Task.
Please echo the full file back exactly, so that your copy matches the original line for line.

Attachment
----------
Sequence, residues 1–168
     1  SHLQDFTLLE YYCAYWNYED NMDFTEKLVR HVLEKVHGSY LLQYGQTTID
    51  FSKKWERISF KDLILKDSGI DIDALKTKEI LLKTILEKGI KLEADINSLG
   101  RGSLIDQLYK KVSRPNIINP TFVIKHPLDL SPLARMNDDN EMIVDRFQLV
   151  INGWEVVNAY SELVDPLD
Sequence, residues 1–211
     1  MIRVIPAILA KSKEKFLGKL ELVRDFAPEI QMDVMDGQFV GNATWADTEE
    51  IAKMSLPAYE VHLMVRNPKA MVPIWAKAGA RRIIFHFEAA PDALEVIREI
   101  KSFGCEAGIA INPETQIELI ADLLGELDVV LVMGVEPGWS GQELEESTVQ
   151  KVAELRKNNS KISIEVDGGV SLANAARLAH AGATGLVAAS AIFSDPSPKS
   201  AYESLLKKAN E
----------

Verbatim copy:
Sequence, residues 1–168
     1  SHLQDFTLLE YYCAYWNYED NMDFTEKLVR HVLEKVHGSY LLQYGQTTID
    51  FSKKWERISF KDLILKDSGI DIDALKTKEI LLKTILEKGI KLEADINSLG
   101  RGSLIDQLYK KVSRPNIINP TFVIKHPLDL SPLARMNDDN EMIVDRFQLV
   151  INGWEVVNAY SELVDPLD
Sequence, residues 1–211
     1  MIRVIPAILA KSKEKFLGKL ELVRDFAPEI QMDVMDGQFV GNATWADTEE
    51  IAKMSLPAYE VHLMVRNPKA MVPIWAKAGA RRIIFHFEAA PDALEVIREI
   101  KSFGCEAGIA INPETQIELI ADLLGELDVV LVMGVEPGWS GQELEESTVQ
   151  KVAELRKNNS KISIEVDGGV SLANAARLAH AGATGLVAAS AIFSDPSPKS
   201  AYESLLKKAN E